How Tyler Durden Took Over the World Analytical Essay

How Tyler Durden Took Over the World
An analysis of the rhetorical tools Tyler Durden uses to convince his audience in Chuck Palahniuk's film "Fight Club", directed by David Fincher.
# 151067 | 1,758 words | 1 source | MLA | 2009 | US
Published on May 21, 2012 in Film (Analysis, Criticism, Etc.)

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The paper examines the rhetoric of Tyler Durden in Chuck Palahniuk's film "Fight Club" to make sense of how he led his audience to join a cultish terrorist organization called Project Mayhem. The paper first analyzes how Tyler Durden uses rhetorical devices to construct a problem, and then the rhetorical devices he uses to give a solution to the problem. The paper demonstrates how he uses rhetoric to persuade his surroundings to participate in the activities he advocates and eventually have them surrender their freedom to him.

From the Paper:

"Before discussing Tyler Durden's ability to use his language to provide solutions, we must observe how he convinces his audience to believe that there is a problem. To understand the rhetorical situation of this moment, the audience must know that Durden secretly blew up the narrator's apartment to introduce to the narrator a new reality that he should face. To a man who had just lost a lifetime collection of material goods in his apartment, Durden scolds the man such a pathetic lifestyle instead of consoling or helping the narrator recover from his devastating loss, Durden claims that "We're consumers. We are by-products of a lifestyle obsession. Murder, crime, poverty, these things don't concern me. What concerns me are celebrity magazines, television with 500 channels, some guy's name on my underwear. Rogaine, Viagra, Olestra." (Palahniuk) In this statement, we see the use of repetition and parallelism to exacerbate the issue he is trying to convey. Tyler Durden initially says "We're consumers," to point out a problem. To expand on the topic of "consumers," Durden uses repetition, but changes "We're" to "We are" to give emphasis to his own definition to the term as "by-products of a lifestyle obsession." By doing so, we can clearly see that Durden describes the word "consumers" in a negative way."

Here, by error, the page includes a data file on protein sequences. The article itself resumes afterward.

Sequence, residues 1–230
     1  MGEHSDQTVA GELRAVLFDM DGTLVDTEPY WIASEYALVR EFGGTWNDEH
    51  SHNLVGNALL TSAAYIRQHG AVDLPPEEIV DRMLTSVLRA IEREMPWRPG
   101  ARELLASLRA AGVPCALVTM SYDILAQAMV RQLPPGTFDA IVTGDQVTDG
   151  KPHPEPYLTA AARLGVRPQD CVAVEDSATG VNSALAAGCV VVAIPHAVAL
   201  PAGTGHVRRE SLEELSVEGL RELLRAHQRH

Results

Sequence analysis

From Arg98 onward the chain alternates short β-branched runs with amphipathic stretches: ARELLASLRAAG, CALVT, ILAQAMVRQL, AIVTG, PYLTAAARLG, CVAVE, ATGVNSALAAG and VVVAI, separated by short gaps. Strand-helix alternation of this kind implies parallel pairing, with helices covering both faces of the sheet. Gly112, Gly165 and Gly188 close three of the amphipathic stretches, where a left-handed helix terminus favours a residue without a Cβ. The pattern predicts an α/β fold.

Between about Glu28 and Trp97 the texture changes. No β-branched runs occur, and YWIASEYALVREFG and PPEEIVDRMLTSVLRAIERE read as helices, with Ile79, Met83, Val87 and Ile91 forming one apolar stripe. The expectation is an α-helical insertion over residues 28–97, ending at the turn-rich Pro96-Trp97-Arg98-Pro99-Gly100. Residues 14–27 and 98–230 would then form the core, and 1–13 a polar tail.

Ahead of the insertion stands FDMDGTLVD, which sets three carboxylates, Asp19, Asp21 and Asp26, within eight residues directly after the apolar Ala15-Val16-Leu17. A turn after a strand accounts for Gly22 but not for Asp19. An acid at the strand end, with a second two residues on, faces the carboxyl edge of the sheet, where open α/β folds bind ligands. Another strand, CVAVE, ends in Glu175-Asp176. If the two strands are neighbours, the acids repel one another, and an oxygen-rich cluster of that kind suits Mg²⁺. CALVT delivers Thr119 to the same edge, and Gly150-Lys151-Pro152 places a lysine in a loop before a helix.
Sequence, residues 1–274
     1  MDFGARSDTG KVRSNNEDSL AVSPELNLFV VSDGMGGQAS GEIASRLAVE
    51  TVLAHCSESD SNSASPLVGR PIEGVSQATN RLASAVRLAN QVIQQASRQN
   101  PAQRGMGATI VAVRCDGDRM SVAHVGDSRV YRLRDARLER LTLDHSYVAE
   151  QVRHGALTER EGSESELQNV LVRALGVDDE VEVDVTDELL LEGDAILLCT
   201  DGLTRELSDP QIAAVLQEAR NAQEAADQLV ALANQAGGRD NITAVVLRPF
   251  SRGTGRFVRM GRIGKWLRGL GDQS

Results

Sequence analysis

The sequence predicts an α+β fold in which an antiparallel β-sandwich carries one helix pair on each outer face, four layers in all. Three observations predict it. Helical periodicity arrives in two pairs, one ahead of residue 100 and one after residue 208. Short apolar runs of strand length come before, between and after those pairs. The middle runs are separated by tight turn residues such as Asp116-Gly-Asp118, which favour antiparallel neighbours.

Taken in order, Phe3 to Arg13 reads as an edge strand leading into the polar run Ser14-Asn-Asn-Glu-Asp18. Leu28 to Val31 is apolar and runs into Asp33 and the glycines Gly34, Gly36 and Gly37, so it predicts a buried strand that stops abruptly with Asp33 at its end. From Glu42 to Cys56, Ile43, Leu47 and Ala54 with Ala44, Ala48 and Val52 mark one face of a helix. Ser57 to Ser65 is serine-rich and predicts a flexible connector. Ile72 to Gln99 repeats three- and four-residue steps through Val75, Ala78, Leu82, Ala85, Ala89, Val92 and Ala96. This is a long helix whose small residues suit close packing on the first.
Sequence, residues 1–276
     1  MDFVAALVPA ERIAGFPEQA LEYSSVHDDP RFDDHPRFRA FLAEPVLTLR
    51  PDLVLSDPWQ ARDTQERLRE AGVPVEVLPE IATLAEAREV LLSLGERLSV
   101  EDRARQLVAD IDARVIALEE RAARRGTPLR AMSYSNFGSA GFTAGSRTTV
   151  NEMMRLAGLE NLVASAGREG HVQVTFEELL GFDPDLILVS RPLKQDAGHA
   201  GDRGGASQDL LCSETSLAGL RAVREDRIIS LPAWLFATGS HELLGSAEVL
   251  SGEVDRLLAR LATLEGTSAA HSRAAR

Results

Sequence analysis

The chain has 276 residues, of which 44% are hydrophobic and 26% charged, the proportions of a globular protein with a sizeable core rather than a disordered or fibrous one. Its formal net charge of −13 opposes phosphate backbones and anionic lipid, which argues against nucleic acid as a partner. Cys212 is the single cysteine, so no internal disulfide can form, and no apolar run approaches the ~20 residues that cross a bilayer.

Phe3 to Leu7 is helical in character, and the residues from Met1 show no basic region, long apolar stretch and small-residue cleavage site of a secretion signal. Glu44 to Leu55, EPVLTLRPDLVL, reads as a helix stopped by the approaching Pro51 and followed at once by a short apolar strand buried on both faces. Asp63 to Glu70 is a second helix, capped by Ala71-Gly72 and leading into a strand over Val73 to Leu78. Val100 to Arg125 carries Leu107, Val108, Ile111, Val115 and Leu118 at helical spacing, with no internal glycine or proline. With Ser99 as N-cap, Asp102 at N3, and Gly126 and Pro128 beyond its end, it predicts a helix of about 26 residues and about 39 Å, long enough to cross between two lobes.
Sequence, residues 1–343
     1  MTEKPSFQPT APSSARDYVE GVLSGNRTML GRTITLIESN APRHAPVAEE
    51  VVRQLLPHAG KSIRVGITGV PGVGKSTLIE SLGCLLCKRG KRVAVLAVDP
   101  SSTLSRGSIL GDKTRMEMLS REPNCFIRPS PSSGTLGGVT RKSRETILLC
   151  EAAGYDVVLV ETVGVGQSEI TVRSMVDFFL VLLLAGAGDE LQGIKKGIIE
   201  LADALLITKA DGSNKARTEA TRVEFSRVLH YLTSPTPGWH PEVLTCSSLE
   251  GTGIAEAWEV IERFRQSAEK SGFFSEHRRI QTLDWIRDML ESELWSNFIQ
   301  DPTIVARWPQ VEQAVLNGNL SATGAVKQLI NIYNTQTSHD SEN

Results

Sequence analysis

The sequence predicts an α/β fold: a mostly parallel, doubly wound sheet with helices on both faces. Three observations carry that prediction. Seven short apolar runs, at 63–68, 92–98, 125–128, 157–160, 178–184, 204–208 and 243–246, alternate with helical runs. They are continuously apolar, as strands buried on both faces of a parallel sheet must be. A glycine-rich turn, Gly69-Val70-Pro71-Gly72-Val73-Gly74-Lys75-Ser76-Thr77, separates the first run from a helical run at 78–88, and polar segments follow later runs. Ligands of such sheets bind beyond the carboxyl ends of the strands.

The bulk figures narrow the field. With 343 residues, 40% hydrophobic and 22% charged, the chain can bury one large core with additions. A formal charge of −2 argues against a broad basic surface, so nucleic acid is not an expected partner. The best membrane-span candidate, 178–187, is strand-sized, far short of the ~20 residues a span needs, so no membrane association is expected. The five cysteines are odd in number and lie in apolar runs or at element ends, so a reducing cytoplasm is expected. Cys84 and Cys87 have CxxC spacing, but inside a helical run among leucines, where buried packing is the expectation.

Sample of Sources Used:

  • Fight Club. By Chuck Palahniuk. Dir. David Fincher. Perf. Pitt Brad and Edward Norton. 1999.

Cite this Analytical Essay:

APA Format

How Tyler Durden Took Over the World (2012, May 21) Retrieved January 17, 2021, from

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"How Tyler Durden Took Over the World" 21 May 2012. Web. 17 January. 2021. <>